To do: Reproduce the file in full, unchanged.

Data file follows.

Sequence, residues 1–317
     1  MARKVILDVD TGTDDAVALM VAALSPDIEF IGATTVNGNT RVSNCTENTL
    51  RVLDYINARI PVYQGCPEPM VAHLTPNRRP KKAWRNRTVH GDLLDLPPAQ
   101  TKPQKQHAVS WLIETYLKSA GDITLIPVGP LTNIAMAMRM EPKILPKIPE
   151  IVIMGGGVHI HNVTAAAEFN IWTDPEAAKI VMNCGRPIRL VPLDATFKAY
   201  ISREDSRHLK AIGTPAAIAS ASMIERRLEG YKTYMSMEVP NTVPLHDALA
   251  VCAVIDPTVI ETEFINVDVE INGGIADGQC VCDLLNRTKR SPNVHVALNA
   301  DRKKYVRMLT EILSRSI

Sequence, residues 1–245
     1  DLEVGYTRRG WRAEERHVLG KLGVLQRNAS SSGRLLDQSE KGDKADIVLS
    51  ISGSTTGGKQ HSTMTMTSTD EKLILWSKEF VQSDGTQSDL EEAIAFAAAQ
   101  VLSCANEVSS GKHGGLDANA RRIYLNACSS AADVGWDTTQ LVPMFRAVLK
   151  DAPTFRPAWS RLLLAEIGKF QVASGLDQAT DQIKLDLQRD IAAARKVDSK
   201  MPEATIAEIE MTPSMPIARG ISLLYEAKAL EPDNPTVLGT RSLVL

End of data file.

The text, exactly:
Sequence, residues 1–317
     1  MARKVILDVD TGTDDAVALM VAALSPDIEF IGATTVNGNT RVSNCTENTL
    51  RVLDYINARI PVYQGCPEPM VAHLTPNRRP KKAWRNRTVH GDLLDLPPAQ
   101  TKPQKQHAVS WLIETYLKSA GDITLIPVGP LTNIAMAMRM EPKILPKIPE
   151  IVIMGGGVHI HNVTAAAEFN IWTDPEAAKI VMNCGRPIRL VPLDATFKAY
   201  ISREDSRHLK AIGTPAAIAS ASMIERRLEG YKTYMSMEVP NTVPLHDALA
   251  VCAVIDPTVI ETEFINVDVE INGGIADGQC VCDLLNRTKR SPNVHVALNA
   301  DRKKYVRMLT EILSRSI

Sequence, residues 1–245
     1  DLEVGYTRRG WRAEERHVLG KLGVLQRNAS SSGRLLDQSE KGDKADIVLS
    51  ISGSTTGGKQ HSTMTMTSTD EKLILWSKEF VQSDGTQSDL EEAIAFAAAQ
   101  VLSCANEVSS GKHGGLDANA RRIYLNACSS AADVGWDTTQ LVPMFRAVLK
   151  DAPTFRPAWS RLLLAEIGKF QVASGLDQAT DQIKLDLQRD IAAARKVDSK
   201  MPEATIAEIE MTPSMPIARG ISLLYEAKAL EPDNPTVLGT RSLVL